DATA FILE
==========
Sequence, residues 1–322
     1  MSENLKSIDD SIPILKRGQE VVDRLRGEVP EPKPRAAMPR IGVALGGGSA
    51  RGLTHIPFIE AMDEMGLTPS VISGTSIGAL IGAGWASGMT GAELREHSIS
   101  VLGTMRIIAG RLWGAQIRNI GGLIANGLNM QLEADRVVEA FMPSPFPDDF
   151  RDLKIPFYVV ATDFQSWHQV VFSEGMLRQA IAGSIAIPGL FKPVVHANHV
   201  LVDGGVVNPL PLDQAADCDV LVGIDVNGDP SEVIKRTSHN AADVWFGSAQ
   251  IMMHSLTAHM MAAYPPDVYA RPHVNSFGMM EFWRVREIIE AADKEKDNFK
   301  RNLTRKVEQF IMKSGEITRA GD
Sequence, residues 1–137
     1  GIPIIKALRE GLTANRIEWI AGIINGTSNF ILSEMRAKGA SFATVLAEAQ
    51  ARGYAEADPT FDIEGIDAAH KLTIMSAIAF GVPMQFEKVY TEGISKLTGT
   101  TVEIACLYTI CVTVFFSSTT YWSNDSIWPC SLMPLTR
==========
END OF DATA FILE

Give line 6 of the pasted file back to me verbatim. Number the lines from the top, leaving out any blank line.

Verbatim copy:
   201  LVDGGVVNPL PLDQAADCDV LVGIDVNGDP SEVIKRTSHN AADVWFGSAQ